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NASA : Critical NASA Science Returns to Earth aboard SpaceX Dragon Spacecraft .- Crítico retorno de la NASA a la Tierra a bordo de la nave espacial SpaceX Dragón
Hola amigos : A VUELO DE UN QUINDE EL BLOG., la Agencia Espacial NASA, nos informa sobre el crítico retorno de su Nave SpaceX's Dragon spacecraft.
Dragónnave espacial de cargade SpaceXamerizóen el OcéanoPacífico a unos19:44ESTMartes259 millasal suroeste deLong Beach, California, concerca de 3.700libras de cargade la NASA, la ciencia ylas muestrasde demostraciónprimerodesu tipode tecnologíadela Estación Espacial Internacionalestación.
SpaceX's Dragon spacecraft departed the space
station with 3,700 pounds of cargo Feb. 10, 2015, for a 7:44 p.m. EST splashdown
in the Pacific, 259 miles southwest of Long Beach, California
SpaceX's Dragon cargo spacecraft splashed down in the Pacific Ocean about
7:44 p.m. EST Tuesday 259 miles southwest of Long Beach, California, with nearly
3,700 pounds of NASA cargo, science and first-of-its-kind technology
demonstration samples from the International Space Station.
The Dragon spacecraft will be taken by ship to Long Beach, where some cargo
will be removed and returned to NASA. Dragon will then be prepared for a return
trip to SpaceX's test facility in McGregor, Texas, for processing.
"The ability to resupply and return this critical research continues to be an
invaluable asset for the researchers here on Earth using the International Space
Station as their laboratory in orbit," said Kirt Costello, deputy chief
scientist for the International Space Station Program at NASA’s Johnson Space
Center in Houston.
Flight controllers in the Mission Control Center at Johnson robotically
positioned Dragon safely away from its docking port earlier Tuesday, where it
was released for its deorbit maneuver, sending it on its way to a
Among the returned investigations were printed parts and hardware from the
first technology demonstration of 3-D printing in space. The 3-D printer
demonstration used relatively low-temperature plastic feedstock on the space
station. The test phase ended with a printed ratchet wrench made with a design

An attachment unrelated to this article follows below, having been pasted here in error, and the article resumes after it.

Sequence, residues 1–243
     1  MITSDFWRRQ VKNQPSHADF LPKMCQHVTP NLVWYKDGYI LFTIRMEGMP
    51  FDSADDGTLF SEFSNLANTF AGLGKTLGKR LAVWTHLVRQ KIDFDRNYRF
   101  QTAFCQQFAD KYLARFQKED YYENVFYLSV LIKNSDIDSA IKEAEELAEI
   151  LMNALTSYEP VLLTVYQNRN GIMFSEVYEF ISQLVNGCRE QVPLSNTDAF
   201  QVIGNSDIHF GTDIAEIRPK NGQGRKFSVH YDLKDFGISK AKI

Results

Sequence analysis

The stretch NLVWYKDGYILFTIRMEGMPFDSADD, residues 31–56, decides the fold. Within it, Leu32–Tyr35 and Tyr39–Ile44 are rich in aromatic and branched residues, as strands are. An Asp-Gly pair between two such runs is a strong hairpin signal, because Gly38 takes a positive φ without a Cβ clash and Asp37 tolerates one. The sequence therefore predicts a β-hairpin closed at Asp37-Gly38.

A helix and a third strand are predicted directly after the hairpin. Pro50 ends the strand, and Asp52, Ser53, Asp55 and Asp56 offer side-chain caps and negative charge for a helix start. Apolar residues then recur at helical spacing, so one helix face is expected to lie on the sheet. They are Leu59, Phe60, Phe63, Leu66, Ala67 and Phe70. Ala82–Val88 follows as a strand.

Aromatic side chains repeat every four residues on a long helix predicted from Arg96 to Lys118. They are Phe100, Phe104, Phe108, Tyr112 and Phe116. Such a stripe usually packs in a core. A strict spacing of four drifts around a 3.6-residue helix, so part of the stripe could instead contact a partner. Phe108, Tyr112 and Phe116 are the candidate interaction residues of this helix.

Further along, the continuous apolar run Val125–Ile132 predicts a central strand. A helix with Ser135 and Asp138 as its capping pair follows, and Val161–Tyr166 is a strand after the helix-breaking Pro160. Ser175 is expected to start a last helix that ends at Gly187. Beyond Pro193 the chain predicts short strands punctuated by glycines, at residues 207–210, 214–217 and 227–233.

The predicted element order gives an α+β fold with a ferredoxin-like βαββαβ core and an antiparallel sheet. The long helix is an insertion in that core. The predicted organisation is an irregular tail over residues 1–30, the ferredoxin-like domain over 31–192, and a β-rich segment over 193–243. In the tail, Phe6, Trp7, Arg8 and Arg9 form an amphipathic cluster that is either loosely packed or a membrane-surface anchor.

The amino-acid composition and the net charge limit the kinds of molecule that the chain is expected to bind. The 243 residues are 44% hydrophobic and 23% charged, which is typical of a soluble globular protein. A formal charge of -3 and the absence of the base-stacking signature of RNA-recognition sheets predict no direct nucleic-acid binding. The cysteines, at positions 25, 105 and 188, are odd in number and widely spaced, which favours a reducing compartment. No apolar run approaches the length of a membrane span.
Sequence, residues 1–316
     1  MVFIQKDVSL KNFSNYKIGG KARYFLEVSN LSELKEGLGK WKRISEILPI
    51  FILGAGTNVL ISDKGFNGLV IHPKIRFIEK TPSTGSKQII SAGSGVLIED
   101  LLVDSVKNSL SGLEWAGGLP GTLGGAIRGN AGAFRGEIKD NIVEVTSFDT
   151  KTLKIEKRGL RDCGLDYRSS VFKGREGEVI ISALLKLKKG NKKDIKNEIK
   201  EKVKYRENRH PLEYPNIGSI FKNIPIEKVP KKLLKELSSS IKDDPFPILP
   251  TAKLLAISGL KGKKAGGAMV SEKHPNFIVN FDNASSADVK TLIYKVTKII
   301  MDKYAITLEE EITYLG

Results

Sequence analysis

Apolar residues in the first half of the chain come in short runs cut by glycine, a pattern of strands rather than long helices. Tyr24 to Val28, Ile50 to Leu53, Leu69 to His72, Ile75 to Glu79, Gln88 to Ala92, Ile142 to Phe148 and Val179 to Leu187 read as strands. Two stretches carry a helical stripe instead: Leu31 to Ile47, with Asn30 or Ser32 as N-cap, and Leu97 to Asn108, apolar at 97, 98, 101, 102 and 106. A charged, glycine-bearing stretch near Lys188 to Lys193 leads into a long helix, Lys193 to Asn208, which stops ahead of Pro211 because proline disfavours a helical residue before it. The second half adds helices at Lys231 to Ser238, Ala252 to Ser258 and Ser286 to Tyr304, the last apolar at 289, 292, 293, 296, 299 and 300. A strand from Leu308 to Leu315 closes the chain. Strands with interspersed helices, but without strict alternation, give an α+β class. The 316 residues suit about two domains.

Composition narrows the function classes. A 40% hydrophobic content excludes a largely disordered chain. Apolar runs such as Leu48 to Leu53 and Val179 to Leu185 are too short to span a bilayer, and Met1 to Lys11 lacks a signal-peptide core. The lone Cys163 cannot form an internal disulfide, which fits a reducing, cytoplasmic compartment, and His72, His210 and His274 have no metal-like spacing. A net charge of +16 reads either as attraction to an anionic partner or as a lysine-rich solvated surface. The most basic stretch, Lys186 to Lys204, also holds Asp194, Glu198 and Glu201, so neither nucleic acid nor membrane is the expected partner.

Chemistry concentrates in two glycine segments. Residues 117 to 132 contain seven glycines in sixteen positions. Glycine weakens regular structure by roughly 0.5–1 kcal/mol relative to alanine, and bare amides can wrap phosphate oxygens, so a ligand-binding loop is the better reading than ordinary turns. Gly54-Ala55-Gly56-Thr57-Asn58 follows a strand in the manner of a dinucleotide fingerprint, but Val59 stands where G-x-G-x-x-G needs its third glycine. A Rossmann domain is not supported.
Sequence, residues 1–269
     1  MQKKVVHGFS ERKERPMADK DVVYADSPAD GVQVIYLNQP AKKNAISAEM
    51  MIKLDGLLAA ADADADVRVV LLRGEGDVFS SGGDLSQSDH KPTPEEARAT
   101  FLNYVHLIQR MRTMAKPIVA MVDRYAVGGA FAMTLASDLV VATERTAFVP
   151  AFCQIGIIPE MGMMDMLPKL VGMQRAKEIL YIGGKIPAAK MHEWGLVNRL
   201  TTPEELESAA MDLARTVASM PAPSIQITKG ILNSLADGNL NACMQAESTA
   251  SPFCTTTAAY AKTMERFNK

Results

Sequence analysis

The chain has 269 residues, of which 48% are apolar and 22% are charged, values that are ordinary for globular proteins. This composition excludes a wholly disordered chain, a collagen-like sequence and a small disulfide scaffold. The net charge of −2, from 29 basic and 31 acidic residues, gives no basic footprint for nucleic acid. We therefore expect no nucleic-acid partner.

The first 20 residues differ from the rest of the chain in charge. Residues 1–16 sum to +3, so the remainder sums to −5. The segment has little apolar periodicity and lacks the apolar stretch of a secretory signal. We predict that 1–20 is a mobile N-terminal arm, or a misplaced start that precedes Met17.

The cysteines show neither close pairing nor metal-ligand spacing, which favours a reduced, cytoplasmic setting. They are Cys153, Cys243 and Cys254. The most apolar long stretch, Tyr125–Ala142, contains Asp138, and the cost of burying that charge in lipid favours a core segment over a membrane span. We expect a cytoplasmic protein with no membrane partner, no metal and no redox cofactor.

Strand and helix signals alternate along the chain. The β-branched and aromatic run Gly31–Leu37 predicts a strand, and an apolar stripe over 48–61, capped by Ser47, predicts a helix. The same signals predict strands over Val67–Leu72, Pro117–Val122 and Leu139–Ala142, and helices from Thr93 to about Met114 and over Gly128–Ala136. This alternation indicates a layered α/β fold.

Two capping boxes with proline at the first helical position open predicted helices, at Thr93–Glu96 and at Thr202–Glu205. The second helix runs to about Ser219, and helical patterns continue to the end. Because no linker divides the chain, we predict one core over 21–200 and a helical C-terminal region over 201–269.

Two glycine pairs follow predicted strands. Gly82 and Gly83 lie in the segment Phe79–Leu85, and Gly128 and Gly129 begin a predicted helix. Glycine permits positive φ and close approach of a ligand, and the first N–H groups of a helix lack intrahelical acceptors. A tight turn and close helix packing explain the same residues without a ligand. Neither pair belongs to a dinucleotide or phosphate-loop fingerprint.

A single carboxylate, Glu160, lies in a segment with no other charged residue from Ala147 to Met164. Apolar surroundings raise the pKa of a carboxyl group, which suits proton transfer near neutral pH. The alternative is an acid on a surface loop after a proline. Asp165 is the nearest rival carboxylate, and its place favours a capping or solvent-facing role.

file transmitted from Earth to the printer.
"Experiments like 3-D printing in space demonstrate important capabilities
that allow NASA and humanity to proceed farther on the journey to Mars,”
Costello said. “Other investigations such as those focused on protein crystal
growth take advantage of the unique microgravity environment and offer us new
avenues to investigate troubling diseases back on Earth."
Dragon also returned samples, hardware and data from several biology and
biotechnology studies performed on the station. The Advancing Membrane Protein
Crystallization by Using Microgravity investigation explored the production of
high-quality crystals of the cystic fibrosis protein and other closely related
proteins. Because many medically relevant proteins are difficult to crystalize
on Earth, researchers attempt to grow them in space to help determine their
shape and structure with the hope of improving drug therapies for cystic
fibrosis, a genetic disorder that causes severe damage to the lungs and
Samples from the Advanced Plant Experiments 03-1 will help scientists better
understand the effects of microgravity on the development of roots and cells on
plant seedlings. Researchers will conduct a detailed analysis of the returned
plant samples to determine the molecular and genetic mechanisms that control
plant development in microgravity. With this knowledge, scientists may be able
to improve agricultural and bioenergy research on Earth, leading to crops that
use resources more efficiently.
Dragon is the only space station resupply spacecraft able to return a
significant amount of cargo to Earth. The spacecraft lifted off atop a SpaceX
Falcon 9 rocket from Cape Canaveral Air Force Station in Florida on Jan. 10
carrying more than 5,000 pounds of supplies and elements to support 256
scientific investigations and arrived at the orbiting complex two days later on
Jan. 12. The mission was the fifth of at least 12 cargo resupply trips SpaceX
will make to the orbiting outpost through 2016 under NASA's Commercial Resupply
The International Space Station is a convergence of science, technology and
human innovation that demonstrates new technologies and makes research
breakthroughs not possible on Earth. The space station has been occupied
continuously since November 2000. In that time, more than 200 people and a
variety of international and commercial spacecraft have visited the orbiting
laboratory. The space station remains the springboard to NASA's next great leap
in exploration, including future missions to an asteroid and Mars.
For more information about SpaceX's mission to the International Space